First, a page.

Liners of Legend

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The turn of the Century and the Industrial Revolution caused the immense change in ship design that moved so rapidly from wooden-built packets to iron hull clipper ships with subsequent steam being combined with sail and then steam replacing sail completely with the Paddle wheelers. Phew! That all happened in a few short decades!

And then at the beginning of the Century marine technology had grown at such an incredible pace, that huge leviathans were being constructed of steel ships of several thousand tons and hundreds of feet in length.

The speed at which such technology and development grew, was largely due to the evolution of the Steam Engine and the screw propeller –combined with the vast numbers of diverse immigrants from such countries as Great Britain, Italy, Ireland, Germany, Scandinavia, France, Hungary, the Balkans and France and Russia –all seeking a new life in the New World across the Atlantic.

Naturally, the ‘only way across’ was by ship and thus the shipping lines found a ‘bonanza’ with one million immigrants crossing to the New World in 1907 alone!

With such a lucrative ‘cargo’ the shipping lines became very competitive to attract customers and, so two main factors prevailed –speed – and luxury. Speed was also a very major force in the shipping business as ‘swiftness’ also earned government sanctions such as financial subsidy as well as the privilege of carrying the mail. Hence the ROYAL MAIL SHIP – R.M.S.

Legendary names such as CUNARD, WHITE STAR, HAMBURG-AMERICAN, NORTH GERMAN LLOYD, RED STAR, AMERICAN, LEYLAND and HOLLAND-AMERICA to name a few- built ships that were incredible floating palaces –ships such as the Imperator, Olympic –the ill fated Titanic, the Aquitania, France and Rotterdam.

Class distinction was very notable on board these ships and had various changes over the years, with the elite traveling in the most luxurious conditions possible –with maids and valets (and special cabins for them) –the middle class had a comfortable hotel type accommodation, and below decks –sometimes even below the waterline, the third class, or steerage class as it was once called, lived in hostelry type accommodation that was very cramped.

Ships have been called ladies since time immemorial –and their stature and elegance has given many of the famous ones a Regal title –with several having the names of reigning monarchs and princesses and duchesses who in fact had the honor of christening these floating creations of steel sheets –held together with millions of rivers, and fitted out with untold finishes of teak and brass fittings.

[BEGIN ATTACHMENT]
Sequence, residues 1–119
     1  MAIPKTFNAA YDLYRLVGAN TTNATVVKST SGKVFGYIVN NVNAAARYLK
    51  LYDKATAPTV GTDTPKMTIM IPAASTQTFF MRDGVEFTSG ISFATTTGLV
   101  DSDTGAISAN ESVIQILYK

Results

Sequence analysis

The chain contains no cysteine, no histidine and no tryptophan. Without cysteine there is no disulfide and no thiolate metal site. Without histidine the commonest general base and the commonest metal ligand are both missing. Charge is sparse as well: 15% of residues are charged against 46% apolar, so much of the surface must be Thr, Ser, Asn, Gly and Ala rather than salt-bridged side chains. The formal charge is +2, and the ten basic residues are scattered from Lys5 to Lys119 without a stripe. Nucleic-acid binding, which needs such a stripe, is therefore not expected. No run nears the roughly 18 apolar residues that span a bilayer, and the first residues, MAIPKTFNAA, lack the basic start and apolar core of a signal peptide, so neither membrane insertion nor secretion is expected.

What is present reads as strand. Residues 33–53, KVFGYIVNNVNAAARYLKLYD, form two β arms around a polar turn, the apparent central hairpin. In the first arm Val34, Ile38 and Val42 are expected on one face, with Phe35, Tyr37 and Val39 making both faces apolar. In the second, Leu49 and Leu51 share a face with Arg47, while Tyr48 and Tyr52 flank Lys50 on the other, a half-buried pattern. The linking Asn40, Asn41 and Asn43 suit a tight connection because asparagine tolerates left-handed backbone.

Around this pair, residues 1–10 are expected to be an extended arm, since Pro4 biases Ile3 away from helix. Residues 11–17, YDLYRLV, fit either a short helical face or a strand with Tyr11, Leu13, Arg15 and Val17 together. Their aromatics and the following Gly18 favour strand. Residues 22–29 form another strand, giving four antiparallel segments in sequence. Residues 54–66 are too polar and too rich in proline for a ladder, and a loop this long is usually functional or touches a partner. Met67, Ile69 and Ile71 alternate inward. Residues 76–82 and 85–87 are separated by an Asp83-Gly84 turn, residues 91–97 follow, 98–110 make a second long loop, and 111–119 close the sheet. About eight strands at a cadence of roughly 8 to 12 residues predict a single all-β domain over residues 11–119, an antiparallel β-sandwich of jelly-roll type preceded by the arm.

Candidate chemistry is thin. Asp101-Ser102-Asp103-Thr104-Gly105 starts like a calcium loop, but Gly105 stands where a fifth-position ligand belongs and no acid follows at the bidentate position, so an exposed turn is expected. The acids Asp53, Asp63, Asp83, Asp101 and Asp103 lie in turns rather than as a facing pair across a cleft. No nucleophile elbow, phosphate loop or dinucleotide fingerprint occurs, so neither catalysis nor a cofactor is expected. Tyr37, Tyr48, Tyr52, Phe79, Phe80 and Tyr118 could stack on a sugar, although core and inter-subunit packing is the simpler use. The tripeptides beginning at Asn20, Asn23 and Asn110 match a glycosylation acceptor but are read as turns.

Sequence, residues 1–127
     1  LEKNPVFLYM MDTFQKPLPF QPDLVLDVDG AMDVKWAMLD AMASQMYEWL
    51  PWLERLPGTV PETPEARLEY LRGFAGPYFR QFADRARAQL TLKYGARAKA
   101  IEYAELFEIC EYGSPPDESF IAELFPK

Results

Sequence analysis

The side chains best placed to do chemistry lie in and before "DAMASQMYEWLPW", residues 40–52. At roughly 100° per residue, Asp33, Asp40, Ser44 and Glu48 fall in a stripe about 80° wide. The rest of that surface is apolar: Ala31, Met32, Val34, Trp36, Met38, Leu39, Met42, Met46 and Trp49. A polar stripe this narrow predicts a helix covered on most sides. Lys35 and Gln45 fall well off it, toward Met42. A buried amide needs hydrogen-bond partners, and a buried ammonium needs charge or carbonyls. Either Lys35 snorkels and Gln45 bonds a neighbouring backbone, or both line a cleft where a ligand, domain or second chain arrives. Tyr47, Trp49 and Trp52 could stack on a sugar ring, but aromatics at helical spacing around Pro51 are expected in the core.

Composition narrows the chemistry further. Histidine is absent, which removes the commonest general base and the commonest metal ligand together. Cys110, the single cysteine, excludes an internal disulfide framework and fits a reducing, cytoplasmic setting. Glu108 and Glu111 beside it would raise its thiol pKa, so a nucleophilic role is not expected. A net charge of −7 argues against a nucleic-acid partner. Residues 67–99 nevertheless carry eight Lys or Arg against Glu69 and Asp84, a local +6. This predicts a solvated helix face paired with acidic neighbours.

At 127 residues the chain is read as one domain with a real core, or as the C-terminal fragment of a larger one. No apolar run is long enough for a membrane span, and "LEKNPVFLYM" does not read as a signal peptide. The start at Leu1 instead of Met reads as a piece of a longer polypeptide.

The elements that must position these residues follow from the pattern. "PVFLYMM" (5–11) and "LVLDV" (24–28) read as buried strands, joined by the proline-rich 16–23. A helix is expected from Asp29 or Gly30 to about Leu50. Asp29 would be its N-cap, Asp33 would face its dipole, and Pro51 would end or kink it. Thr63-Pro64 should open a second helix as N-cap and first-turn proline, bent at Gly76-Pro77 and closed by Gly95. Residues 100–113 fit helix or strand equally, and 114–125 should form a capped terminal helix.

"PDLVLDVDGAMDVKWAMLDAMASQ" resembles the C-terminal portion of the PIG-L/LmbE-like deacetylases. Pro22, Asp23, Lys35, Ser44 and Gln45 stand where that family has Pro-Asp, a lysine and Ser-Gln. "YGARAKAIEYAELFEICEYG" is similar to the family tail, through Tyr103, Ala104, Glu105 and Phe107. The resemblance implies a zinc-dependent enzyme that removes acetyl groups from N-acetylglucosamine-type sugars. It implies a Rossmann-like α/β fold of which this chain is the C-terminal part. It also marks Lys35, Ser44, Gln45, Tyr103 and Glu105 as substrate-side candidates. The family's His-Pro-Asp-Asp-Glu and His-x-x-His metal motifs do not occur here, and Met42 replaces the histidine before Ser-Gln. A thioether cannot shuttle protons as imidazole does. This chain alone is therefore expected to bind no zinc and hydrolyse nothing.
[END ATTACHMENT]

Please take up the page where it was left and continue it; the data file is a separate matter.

Each ‘liner’ had its own specific character and was staffed with many, many seamen, stewards, engineers, and highly disciplined professional officers.

Each liner was representative of its country of origin and was the embodiment of that country’s culture and technological expertise

And so, as with most things, that mankind sets his mind to, ‘competition’ was rewarded with the well known and very coveted large silver cup called the BLUE RIBAND. (Not the Blue Ribband or the Blue Ribbon as we have seen and heard). This award was presented to the fastest liner to cross the Atlantic.

It changed hands several times –particularly between the British and the German liners, and ships became larger and faster –with lengths of over 1000 feet and speeds of nearly 30 knots!! –and tonnage reaching sometimes in the vicinity of 80,000!

The Grand Old Lady – Mauretania held the Blue Riband the longest in history –for over twenty years! –until she eventually lost it in 1929.

And so, the prestigious race lasted for many exciting and romantic years, with names such as Normandie, Europa, and Queen Mary becoming synonymous with the Blue Riband.

Subsequent to the end of the Great Depression and then World War II the passenger profile altered, and in the fifties a new breed of passenger began a new era of a mixed group of passengers from various walks of life –a new chapter in the history of the liners, just prior to the sad demise of these magnificent man made behemoths –that seemed to have a ‘soul’- when in the 60’s the advent of the AIRLINERS spelt the end to the GOLDEN ERA of sailing the seas with the saying of ‘getting there is half the fun’!